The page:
Pascal Roge & Vanessa Benelli
At Dumbarton Church
As duo pianists, Pascal Roge and Vanessa Benelli make a striking pair. Roge is an established concert player in his early fifties; Benelli is 15. Both were child prodigies. Roge heard Benelli play in 1999 and was astonished: "She is the most natural musical talent I have encountered in my entire life as a musician and teacher."
Their concert Saturday night in Georgetown for the Dumbarton Concert Series was designed primarily to widen Benelli's musical horizons -- but certainly ours as well. The program included masterpieces languishing in the relatively obscure two-piano repertoire, most particularly Robert Schumann's Six Pieces in canon for pedal piano, Op. 56. These are miracles of lyricism blooming from the granite of austere counterpoint. The performance sang naturally and freely but retained the complex structure that reveals Schumann's debt to Bach.
Rachmaninoff's Suite No. 2 for Two Pianos, Op. 17, has an array of deeply satisfying Big Tunes (melodic fragments that take on febrile power as they emerge from wild tangles of filigree) and murderously difficult technical problems -- jackhammer repeated notes, leaping chords, huge orchestral sonorities, twisted rhythmic schemes. Similarly, the two-piano version of Ravel's "La Valse" is not for the fainthearted, and Poulenc's elegant Sonata for Two Pianos requires souffle-like buoyancy.
Benelli actually seemed to have the upper hand (so to speak) in the Rachmaninoff, as Roge was occasionally late in returning to the fray because of page-turning problems. In musical and technical authority the two pianists seemed evenly matched -- she is clearly a major talent -- though it will take a solo recital to answer that question squarely.
-- Ronald Broun Ensemble Wien-Berlin
At U-Md. Even in the midst of their most flamboyant technical acrobatics and playfulness, the musicians of the woodwind quintet Ensemble Wien-Berlin were engaged in serious musicmaking. Certainly their program Saturday at the Gildenhorn Recital Hall of the University of Maryland's Clarice Smith Center offered hard-to-resist opportunities for pure display -- the aptly named "Grand Potpourri on Themes From Rossini's Barber of Seville," by 19th-century flutist Giulio Briccialdi, had the five tootling all over the landscape. In addition, the second theme in the return of the fugue in the arrangement of the Mozart F Minor Allegro-Andante, K. 608, could have sounded like a relay race, and the presto Finale of the Beethoven Op. 4 (also an arrangement) might have been smashing purely for its velocity and agility. But all of these were also immensely satisfying musically, played in a spirit of collaboration rather than competition, with an ear for balance and shape and with considerable restraint.
This is a group of seasoned musicians, members of the Vienna Philharmonic or the Berlin Philharmonic (bassoonist Milan Turkovic is with the Concentus Musicus Vienna). They've been playing together for 20 years, and they've internalized a common understanding of the music they perform. This was most evident in the clear pictures projected in the five inventive and quite different movements of the Hindemith "Kleine Kammermusik," Op 24, No. 2. In the same way that a fine lieder singer creates an immediate context in the short span of a single song, the ensemble moved from jauntiness to highly stylized dance to quiet reflection and back to wry humor, all without any sense of self-consciousness.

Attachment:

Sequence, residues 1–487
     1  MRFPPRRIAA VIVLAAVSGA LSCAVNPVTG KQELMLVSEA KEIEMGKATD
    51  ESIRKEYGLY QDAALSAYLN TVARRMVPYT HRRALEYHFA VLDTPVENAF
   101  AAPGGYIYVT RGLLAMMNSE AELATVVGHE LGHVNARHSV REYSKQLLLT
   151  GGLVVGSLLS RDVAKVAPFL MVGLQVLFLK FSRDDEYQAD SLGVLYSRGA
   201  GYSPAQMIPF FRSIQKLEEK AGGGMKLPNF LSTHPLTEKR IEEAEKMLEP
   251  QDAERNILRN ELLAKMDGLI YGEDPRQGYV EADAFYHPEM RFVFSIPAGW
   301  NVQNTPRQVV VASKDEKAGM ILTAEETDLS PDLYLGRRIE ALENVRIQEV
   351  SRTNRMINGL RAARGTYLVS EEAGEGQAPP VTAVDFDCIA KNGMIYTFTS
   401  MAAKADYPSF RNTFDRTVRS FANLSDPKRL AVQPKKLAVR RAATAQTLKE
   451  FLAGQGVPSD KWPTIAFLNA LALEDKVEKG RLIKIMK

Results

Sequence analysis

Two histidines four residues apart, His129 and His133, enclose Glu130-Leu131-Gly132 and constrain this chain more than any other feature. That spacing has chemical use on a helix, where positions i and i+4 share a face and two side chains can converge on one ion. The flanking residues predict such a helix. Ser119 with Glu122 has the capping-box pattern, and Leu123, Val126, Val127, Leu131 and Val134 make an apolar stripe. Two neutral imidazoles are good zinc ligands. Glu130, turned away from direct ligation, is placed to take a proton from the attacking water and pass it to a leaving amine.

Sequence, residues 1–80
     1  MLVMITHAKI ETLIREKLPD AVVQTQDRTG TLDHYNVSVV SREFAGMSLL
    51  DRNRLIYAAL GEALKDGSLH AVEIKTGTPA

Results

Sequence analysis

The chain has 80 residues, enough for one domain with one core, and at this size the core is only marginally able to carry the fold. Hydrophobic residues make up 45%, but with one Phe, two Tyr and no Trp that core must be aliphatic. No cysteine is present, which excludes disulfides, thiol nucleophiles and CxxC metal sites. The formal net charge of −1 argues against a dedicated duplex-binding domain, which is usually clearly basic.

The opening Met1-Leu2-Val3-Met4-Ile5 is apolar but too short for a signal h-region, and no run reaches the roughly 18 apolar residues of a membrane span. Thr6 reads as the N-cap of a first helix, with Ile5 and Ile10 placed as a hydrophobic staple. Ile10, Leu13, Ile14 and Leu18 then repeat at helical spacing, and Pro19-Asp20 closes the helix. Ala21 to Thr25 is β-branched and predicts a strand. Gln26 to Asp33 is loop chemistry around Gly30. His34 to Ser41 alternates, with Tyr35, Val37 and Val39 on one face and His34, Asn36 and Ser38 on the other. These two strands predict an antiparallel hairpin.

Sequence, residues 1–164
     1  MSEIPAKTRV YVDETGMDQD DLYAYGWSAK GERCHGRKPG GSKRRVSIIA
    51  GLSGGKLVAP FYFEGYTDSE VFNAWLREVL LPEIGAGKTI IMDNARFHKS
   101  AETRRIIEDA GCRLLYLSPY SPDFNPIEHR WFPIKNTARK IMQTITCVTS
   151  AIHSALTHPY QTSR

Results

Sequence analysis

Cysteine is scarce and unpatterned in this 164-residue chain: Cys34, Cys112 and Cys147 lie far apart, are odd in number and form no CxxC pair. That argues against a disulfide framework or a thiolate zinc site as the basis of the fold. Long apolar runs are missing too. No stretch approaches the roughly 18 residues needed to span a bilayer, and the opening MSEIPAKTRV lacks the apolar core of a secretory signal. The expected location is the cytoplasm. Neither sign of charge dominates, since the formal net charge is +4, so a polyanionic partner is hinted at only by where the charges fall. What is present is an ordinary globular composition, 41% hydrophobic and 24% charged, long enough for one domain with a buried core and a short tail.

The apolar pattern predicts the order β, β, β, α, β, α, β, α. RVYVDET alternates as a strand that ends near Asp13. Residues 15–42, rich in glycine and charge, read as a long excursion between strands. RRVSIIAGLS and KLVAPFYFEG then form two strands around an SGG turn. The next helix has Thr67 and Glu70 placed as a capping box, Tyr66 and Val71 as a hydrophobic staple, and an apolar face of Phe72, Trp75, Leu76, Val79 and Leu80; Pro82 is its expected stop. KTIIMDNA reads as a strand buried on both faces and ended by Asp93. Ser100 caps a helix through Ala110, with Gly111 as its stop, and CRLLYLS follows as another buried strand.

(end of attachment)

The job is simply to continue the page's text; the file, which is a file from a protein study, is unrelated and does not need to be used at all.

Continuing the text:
The Gildenhorn Recital Hall is a wonderful venue for chamber music; its intimacy and excellent acoustics gave a comfortable presence to the considerable subtleties of the performance.
-- Joan Reinthaler
Drummer Jeff 'Tain' Watts
At Blues Alley When drummer Jeff "Tain" Watts led his quintet at Blues Alley on Saturday night, he seldom unleashed the polyrhythmic force that has marked many of his collaborations with Wynton and Branford Marsalis. Instead, Watts emphasized the quirky themes, whimsical air and romantic musings that distinguish his two solo albums, "Citizen Tain" and "Bar Talk."
"JC Is the Man," a bartender homage drawn from the latter CD, was the first in a series of Watts-penned tunes that reminded listeners why musicians are often described as "playing" together.
Based on a simple riff and boisterously customized for the occasion, the tune featured pianist David Budway, guitarist Paul Bollenback and tenor saxophonist Marcus Strickland humorously weaving in and out of phase with each other against a backdrop of vamps and shuffles sustained by Watts and bassist James Genus. "Muphkin Man," from 1999's "Citizen Tain," then contrasted Thelonious Monk's tart harmonic schemes with Watts's affection for thumping honky-tonk beats.
The mood was shaded by two tunes: "Stevie in Rio," a Brazilian-tinged reverie inspired by Stevie Wonder, which briefly found Budway using a synthesizer to simulate the sound of Wonder's chromatic harmonica; and "Pools of Amber," a trio arrangement that quietly recalled Watts's collaborations with the late pianist Kenny Kirkland.
The drummer did get a chance to flex his muscles, however. "Vodville" provided a rhythmically animated portrait of someone stumbling home after a night of imbibing, while "The Impaler" brashly suggested the twin influences of saxophonist John Coltrane and drummer Elvin Jones.
-- Mike Joyce